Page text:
Der zu vernachlässigende Faktor Palin

LONDON – Senator John McCain ist ein echter amerikanischer Held. Er war ein tapferer Flieger mit guten Kriegsreferenzen. Anders als bei den so genannten „Chicken Hawks“, den feigen Falken, die selbst den Dienst im Vietnamkrieg mieden, aber kaum darauf warten konnten, junge Amerikaner zum Kampfeinsatz in den Irak zu schicken, steht McCains Leben nicht im Gegensatz zu seiner Politik. Obwohl er Präsident Bushs Krieg der Wahl im Irak unterstützte, war er im Senat bereit, bei Themen wie der Reform der Wahlkampffinanzierung und dem Klimawandel für seine eigene Meinung einzutreten.

Also fiel es leicht, McCain Glauben zu schenken, als er als Präsidentschaftskandidat sagte, er werde, wenn er gewählt würde, mit Demokraten und Unabhängigen zusammenarbeiten und den Konsens suchen. Schließlich entspricht dies genau seinem Verhalten als Senator. Es schien überaus wahrscheinlich, dass er diese Vorgehensweise bei der Wahl seines Mitstreiters anwenden würde. Sein Freund Senator Joseph Lieberman, ein ehemaliger Demokrat und ein Falke während des Irak-Kriegs, schien der wahrscheinlichste Kandidat zu sein.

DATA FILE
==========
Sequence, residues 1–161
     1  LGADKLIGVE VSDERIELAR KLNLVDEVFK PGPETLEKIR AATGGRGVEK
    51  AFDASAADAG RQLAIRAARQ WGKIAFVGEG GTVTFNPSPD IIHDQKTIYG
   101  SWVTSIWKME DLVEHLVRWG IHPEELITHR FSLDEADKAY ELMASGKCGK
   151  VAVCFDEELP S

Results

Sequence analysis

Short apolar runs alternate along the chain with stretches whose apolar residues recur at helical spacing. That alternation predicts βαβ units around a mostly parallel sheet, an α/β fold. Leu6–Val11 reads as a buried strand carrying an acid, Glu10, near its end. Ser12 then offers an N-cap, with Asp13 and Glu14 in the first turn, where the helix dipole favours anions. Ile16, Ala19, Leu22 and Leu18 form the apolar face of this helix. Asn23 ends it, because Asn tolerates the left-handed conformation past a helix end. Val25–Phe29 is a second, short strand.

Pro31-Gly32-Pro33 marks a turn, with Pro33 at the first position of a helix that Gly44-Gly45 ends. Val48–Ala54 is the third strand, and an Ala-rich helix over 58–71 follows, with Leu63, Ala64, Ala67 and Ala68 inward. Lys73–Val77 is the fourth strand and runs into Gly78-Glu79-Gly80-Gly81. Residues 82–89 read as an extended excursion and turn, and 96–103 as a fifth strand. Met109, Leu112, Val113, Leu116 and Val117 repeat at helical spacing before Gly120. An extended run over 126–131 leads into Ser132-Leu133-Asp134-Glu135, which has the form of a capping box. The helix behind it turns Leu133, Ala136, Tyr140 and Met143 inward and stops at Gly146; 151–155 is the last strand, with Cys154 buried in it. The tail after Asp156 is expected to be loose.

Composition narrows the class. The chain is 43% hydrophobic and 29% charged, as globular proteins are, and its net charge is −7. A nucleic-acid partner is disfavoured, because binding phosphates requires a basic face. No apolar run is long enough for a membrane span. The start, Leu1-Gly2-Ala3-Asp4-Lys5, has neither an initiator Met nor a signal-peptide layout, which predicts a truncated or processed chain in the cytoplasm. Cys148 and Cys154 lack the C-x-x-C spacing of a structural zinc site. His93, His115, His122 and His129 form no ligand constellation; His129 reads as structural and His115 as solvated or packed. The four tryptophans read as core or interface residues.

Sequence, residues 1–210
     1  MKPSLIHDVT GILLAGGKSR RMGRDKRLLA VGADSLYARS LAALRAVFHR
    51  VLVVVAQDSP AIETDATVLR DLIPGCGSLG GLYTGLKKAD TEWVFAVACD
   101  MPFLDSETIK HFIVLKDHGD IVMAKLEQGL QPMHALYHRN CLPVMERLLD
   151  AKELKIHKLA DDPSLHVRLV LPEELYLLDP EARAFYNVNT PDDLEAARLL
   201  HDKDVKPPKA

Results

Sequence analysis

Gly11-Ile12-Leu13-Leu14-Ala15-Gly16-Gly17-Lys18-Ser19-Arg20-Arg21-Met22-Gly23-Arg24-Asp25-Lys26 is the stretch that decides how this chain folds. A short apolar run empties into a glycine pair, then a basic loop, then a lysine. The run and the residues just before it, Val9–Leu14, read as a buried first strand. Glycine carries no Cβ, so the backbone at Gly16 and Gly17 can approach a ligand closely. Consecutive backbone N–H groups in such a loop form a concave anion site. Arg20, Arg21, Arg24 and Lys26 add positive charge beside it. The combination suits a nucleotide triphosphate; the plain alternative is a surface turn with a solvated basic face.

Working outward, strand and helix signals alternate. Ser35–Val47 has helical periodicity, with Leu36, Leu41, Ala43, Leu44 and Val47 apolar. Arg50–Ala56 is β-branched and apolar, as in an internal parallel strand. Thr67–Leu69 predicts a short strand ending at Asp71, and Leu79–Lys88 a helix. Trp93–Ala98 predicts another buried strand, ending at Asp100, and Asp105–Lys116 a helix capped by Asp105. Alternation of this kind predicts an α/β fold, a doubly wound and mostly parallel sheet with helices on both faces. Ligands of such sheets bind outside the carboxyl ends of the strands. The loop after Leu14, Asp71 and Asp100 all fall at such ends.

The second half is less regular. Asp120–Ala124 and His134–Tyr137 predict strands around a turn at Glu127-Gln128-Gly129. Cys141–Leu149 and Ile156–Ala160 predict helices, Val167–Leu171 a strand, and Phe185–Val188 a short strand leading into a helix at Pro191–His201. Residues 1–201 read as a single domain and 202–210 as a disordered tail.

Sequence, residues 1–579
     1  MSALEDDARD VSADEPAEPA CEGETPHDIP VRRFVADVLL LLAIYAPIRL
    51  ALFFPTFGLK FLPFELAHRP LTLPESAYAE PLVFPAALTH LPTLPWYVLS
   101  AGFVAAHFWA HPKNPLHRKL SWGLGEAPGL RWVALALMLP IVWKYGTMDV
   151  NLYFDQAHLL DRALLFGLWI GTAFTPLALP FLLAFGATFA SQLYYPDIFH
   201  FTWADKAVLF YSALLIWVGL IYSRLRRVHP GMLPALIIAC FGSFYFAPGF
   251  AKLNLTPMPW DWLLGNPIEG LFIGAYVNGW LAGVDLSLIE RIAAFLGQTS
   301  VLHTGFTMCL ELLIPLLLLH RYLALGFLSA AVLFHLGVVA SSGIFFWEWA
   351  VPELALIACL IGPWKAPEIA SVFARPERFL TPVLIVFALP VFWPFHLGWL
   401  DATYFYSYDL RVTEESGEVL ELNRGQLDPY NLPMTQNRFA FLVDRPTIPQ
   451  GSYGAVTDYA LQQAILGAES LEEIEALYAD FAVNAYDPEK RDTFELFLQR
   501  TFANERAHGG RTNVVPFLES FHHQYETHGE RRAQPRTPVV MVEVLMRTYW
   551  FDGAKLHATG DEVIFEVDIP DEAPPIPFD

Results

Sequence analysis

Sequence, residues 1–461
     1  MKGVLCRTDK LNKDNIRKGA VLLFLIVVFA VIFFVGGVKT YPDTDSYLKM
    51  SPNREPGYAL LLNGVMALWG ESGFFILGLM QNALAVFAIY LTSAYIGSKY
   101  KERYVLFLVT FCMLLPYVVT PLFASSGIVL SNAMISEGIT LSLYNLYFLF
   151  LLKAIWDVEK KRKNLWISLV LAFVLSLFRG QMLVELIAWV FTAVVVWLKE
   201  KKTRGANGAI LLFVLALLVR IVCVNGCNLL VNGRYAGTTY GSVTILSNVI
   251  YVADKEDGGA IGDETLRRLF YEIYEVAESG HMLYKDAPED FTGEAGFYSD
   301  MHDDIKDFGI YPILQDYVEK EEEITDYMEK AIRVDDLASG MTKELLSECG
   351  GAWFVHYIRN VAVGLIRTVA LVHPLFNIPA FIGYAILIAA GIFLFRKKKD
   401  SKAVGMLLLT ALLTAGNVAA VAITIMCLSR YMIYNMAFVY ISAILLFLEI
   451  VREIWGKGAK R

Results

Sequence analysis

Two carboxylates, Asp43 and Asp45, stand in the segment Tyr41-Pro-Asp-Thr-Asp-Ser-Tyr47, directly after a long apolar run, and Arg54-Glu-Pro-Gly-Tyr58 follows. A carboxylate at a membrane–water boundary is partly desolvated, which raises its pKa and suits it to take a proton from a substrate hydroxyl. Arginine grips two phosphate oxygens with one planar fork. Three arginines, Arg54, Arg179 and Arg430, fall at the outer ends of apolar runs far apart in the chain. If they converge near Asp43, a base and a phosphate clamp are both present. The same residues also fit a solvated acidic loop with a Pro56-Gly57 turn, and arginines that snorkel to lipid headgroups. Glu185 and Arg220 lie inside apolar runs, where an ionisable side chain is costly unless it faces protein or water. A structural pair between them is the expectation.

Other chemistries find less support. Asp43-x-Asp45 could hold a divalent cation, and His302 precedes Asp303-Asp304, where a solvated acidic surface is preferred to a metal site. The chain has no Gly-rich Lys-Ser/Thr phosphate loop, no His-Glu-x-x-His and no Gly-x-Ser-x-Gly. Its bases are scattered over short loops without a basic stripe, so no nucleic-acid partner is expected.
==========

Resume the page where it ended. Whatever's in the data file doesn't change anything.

Wir wissen, was geschehen ist. Als sein Wahlkampf am Boden zu liegen schien, streckte McCain tatsächlich die Hände aus – allerdings den rechten Fundamentalisten in seiner eigenen Partei. Gouverneurin Sarah Palin betrat die nationale Bühne und feuerte rhetorische Salven ab.

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